Traditional 13-Acre New Jersey Estate with a Neutral Palette

Details

Stone Wall Exterior with Pool

To create visual interest, landscape architect Carolle Huber had craftsmen build hardscaping using stone hauled from the husband’s family home in Pennsylvania. She and Nelson Castro of Jersey Gardens Landscaping planted roses, hydrangeas and grasses. The custom St. Tropez pool chaises are from Kingsley-Bate.

Modern Rear Exterior with Fire Pit

This New Jersey estate features a lush backyard and landscape.

Neutral Colored Marble Kitchen

Bridgewater Marble and Granite Works provided the backsplash and island’s Carrara marble. Visual Comfort’s Chart House Grosvenor fixture sheds light on custom seating designed by Frederick. Beyond is the family room, with custom M. Frederick armchairs in a Lee Jofa wool plaid. The leaded-glass windows came from another estate.

Modern Rear Exterior with Fire Pit

This New Jersey estate features a lush backyard and landscape.

Traditional White Foyer with Floor Vase

A crisp neutral palette reflects scores of natural light into a New Jersey estate, lending a fresh and updated look to its once dreary appearance.

Neutral Colored Sitting Area

Designer Matthew Frederick created a comfortable sitting area that features a Merida sea grass rug, a hassock from Ralph Lauren Home and custom sofas in a custom linen-wool weave, both by M. Frederick. Modern artwork is by Maine artist Merv Slotnick.

Antique Desk with Sculpture

In the dining room, Frederick’s own Tangle sculpture in an antique brass finish—designed for the fine accessories firm Chelsea House—keeps company with an eclectic mix of abstract and figurative artwork atop an antique chest.

Neutral Colored Dining Room with Crystal Chandelier

A Schonbek crystal chandelier adds a glamorous presence to the traditional dining room, where Frederick covered the owners’ 19th-century chairs—found, along with the antique dining table and early American mirror, in Pennsylvania—with plush velvet from Scalamandré.

White Sunroom with Sea Grass Carpet

In the sunroom-cum-living room, two custom sofas in custom linen from M. Frederick bracket a Frederick-designed coffee table sporting a virtually tint-free Starphire glass top. The vignette also includes a Bijou end table from Hickory Chair, the clients’ own slipper chairs and a Merida sea grass carpet.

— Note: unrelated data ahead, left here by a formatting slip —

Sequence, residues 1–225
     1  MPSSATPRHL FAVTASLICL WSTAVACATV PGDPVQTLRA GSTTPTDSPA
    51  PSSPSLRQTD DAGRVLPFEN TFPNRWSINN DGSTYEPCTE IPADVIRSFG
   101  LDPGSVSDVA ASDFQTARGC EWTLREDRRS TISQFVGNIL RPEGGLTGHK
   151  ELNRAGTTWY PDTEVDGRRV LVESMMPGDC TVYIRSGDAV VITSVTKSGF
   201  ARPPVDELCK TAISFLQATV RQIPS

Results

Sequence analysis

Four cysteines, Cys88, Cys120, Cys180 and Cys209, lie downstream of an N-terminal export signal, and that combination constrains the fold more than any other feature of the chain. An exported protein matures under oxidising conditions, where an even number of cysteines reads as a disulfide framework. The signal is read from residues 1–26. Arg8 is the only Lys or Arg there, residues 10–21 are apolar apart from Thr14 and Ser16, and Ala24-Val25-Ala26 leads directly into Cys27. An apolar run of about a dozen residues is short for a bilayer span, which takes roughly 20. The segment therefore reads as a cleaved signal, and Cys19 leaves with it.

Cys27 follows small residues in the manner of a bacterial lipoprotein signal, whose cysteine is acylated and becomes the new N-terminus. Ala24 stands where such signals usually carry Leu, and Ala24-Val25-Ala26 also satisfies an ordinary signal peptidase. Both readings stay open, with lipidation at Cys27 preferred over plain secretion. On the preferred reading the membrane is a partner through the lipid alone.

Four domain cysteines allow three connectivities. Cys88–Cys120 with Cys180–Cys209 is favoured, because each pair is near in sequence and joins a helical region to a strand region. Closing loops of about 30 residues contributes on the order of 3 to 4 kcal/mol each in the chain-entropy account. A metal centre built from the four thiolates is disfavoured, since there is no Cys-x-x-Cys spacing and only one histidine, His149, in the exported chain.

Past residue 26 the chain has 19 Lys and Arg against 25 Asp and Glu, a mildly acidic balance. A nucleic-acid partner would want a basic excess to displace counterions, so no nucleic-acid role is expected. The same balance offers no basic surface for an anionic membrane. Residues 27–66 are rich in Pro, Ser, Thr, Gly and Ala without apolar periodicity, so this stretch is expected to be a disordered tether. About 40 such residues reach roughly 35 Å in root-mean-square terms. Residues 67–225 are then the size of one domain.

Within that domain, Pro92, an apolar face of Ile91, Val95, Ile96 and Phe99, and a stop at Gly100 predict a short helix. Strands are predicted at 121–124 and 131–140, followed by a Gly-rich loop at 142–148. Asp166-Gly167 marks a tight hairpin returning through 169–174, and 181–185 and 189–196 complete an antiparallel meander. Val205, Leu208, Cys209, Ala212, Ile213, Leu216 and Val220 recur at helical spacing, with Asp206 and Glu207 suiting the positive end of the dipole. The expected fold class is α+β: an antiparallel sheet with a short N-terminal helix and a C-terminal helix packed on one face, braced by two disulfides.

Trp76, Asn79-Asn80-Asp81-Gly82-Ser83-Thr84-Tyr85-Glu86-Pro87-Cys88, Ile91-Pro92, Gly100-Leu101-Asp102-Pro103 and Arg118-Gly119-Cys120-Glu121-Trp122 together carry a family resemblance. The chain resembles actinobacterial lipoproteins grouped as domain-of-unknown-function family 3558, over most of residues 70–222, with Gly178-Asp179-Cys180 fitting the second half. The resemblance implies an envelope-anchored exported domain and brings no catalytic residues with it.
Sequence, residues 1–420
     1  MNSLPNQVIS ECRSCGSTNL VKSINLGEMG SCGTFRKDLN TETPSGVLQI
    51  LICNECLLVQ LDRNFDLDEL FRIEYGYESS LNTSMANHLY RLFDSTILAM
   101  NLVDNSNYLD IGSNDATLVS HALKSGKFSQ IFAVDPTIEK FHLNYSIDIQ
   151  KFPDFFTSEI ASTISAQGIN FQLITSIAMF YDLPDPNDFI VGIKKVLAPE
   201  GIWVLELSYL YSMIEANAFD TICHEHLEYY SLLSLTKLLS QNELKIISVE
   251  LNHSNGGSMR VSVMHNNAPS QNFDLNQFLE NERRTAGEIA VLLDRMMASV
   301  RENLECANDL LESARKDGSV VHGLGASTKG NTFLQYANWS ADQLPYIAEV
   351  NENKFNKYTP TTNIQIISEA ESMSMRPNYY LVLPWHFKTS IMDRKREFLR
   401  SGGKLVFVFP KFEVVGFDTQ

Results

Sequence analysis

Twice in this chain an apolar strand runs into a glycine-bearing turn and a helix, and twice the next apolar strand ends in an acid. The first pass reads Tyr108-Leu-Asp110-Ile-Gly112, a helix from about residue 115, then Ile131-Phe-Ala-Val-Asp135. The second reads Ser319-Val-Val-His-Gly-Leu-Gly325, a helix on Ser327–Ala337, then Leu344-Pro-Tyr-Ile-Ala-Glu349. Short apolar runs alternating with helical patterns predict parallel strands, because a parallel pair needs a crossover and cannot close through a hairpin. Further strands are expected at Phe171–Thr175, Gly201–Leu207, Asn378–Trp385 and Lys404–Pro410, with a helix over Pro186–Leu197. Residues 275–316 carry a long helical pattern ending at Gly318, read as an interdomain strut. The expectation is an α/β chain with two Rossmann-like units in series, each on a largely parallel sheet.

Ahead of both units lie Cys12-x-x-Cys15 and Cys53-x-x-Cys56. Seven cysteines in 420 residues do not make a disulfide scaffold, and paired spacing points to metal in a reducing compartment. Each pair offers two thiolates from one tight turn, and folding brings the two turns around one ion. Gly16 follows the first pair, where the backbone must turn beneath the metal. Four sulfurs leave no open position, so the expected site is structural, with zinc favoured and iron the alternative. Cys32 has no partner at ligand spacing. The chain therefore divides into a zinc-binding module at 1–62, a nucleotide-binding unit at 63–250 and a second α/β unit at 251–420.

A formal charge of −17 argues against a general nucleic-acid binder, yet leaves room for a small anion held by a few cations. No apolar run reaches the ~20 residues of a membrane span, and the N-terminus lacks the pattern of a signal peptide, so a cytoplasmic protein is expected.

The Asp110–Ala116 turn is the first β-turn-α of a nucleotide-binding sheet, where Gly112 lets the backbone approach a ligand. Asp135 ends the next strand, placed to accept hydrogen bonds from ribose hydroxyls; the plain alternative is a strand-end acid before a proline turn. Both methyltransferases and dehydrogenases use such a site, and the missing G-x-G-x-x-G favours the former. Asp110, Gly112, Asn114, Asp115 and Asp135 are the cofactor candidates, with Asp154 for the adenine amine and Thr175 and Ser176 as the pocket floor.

Neutral Colored Marble Kitchen

Bridgewater Marble and Granite Works provided the backsplash and island’s Carrara marble. Visual Comfort’s Chart House Grosvenor fixture sheds light on custom seating designed by Frederick. Beyond is the family room, with custom M. Frederick armchairs in a Lee Jofa wool plaid. The leaded-glass windows came from another estate.

Stone Wall Exterior with Pool

To create visual interest, landscape architect Carolle Huber had craftsmen build hardscaping using stone hauled from the husband’s family home in Pennsylvania. She and Nelson Castro of Jersey Gardens Landscaping planted roses, hydrangeas and grasses. The custom St. Tropez pool chaises are from Kingsley-Bate.

Guest Apartment

Architect John James bumped out the lower portion of the carriage house and added carriage doors. The second floor accommodates a guest apartment.

White Front Exterior Entrance

A new portico enhances the sense of entry, which is also boosted by topiaries planted in vintage pots through M. Frederick.

Modern Master Bedroom with Custom Canopy

The master bedroom’s custom canopy and linens are by Frederick. A Sandy Chapman gourd lamp from Visual Comfort adorns a mirrored nightstand by Global Views.

Jack and Jill Neutral Colored Bathroom

A Jack and Jill bathroom was outfitted with Restoration Hardware medicine cabinets, as well as subway tiles, fixtures and a stool from Waterworks.

White Marble Master Bathroom with Mosaic Tile Floor Detail